For those who still think computer music is about “bloops and bleeps,” Shatin has a few words: “It’s not about whether it’s digital or acoustic—it’s about the imagination of the creator.”

Sax Drive

It all started with aching hands. In 1997, after repeatedly playing his compositions “Incantation S4” and “Split Voices,” saxophonist Matthew Burtner noticed his clenched hands and realized his fingers’ pressure on the keys had intensified as the music progressed, although the elongated notes’ sounds remained the same throughout. That sparked an idea: Why not capture the tactile variation by outfitting each key with a computerized sensor? Burtner also decided to add other motion sensors to the body of the sax, and in 1999, the Metasaxophone was born—an acoustic instrument with technologically enhanced performance capabilities.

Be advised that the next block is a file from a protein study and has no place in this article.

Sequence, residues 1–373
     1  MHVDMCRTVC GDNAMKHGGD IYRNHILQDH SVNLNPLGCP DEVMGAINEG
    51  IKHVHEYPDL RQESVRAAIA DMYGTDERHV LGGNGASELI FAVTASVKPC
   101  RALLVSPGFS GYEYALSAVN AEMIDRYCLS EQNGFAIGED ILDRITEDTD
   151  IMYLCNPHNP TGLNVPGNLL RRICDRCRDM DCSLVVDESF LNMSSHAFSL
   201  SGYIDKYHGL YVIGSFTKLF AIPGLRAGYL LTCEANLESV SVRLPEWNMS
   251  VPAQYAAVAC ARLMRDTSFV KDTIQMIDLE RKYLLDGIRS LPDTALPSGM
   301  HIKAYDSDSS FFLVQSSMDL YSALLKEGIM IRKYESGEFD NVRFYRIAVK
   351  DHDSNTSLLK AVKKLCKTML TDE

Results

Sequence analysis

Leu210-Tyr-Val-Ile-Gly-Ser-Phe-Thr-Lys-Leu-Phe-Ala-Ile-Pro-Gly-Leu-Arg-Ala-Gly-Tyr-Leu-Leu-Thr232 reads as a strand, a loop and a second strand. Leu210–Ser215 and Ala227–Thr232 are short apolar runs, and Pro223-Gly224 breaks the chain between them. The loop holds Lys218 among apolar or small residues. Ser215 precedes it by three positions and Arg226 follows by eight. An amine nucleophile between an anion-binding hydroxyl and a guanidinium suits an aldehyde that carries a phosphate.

Burtner says composing for the Metasaxophone requires a shift in approach. “You compose the choreography,” he explains, “because all your movements are creating sounds.” He describes how the angle of the instrument lets the computer know how to respond; for instance, positioning the sax at a 45-degree angle might alert the computer to mimic the instrument’s being held in high wind.

Since inventing the first Metasax, Burtner has built two more. “Every time I make one,” he says, “the technology improves.” The second was commissioned by the University of Arizona, which viewed it as a way to analyze students’ performance techniques. “That had never occurred to me,” Burtner admits.

Recently, the saxophone manufacturer Selmer summoned Burtner to Paris to discuss creating a reproducible version of the Metasaxophone. “So now I’m developing a method, a Metasax method, for the everyday,” he says, noting happily, “That was my vision all along—that this would be something players could use.”